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Economists call them sunk costs, the costs that have already been incurred and cannot be recovered. Apparently, we care a lot about sunk costs. And, strangely, so do mice.
It might seem that sunk costs should not influence whether we continue investing in an ongoing project. And yet they do.
Researchers have discovered that mice and rats will stay with a task longer based on the amount of time they have already invested in trying to complete it.
As The New York Times reported, “The more time they invested in waiting for a reward — in the case of the rodents, flavored pellets; in the case of the humans, entertaining videos — the less likely they were to quit the pursuit.”
Some kind-hearted researcher posited that there must be (or once was) an evolutionary imperative for such behavior. Meaning, there’s a reason for our seeming stupidity. I like when they try to let us down gently like that.
Which brings me to content.
If you’ve been publishing regularly for a while, you know how much time and effort various pieces and campaigns will take. And if you’ve been budgeting properly, you know the ROI without looking at the stats.
So when a piece just doesn’t seem to be coming together, what should you do? Do more research? Come at it from a different angle? Ask for input from a trusted editor?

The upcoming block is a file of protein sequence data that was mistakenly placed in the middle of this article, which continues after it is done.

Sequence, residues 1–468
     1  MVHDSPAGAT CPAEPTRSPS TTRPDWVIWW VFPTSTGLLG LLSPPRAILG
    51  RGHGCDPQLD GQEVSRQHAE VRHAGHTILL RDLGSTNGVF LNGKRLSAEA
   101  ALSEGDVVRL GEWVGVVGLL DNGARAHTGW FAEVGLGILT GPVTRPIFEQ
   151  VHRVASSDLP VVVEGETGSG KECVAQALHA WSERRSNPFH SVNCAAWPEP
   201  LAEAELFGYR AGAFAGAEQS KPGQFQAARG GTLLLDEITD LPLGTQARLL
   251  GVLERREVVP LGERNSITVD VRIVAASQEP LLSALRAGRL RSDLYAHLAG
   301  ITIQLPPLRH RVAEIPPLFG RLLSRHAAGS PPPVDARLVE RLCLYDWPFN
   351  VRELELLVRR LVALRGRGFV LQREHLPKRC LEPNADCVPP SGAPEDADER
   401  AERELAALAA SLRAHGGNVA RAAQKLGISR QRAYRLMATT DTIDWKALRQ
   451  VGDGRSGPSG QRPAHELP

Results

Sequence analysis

Sometimes those are the right courses of action. But not always. If you write long enough, you will eventually write a piece that is dead on arrival, no matter what effort you put in. The secret is to know when a piece is officially not working and give up on it, at least for the moment. Sure, you feel some regret, and maybe even some chagrin or shame. Suck it up. It’s all about knowing when to quit.
The challenge comes when the evidence begins to mount that an entire campaign or series of pieces isn’t working. The answer isn’t to keep doing the same thing but “do it better.” If it were an issue of quality, you would have picked up on that much earlier.
Sometimes even quality content doesn’t resonate with readers because, as valuable as it may be, it’s just not what they want.
I will posit that a frustrated reader will drop a post quicker than a mouse will give up waiting for a snack. There are just too many other sources for quality information available. Sometimes even successful campaigns and strategies will have run their course, and it’s time to shake things up and try something new.
Content strategies are meant to be iterative, living documents, not precedent. They should be not just regularly reviewed, but questioned. Types of content have life cycles. At some point as adults, we stopped taking BuzzFeed quizzes and reading listicles. Your readers may also be maturing and looking for something new.
The worst thing you can do in the face of waning interest is defend a strategy’s longevity, or the fact that it worked in the past. Media publishers are constantly experimenting with new kinds of content and delivery vehicles. If evidence of waning engagement mounts, look at it quickly, and critically. Don’t become a victim of sunk costs, especially if there’s not a flavored pellet at the end.
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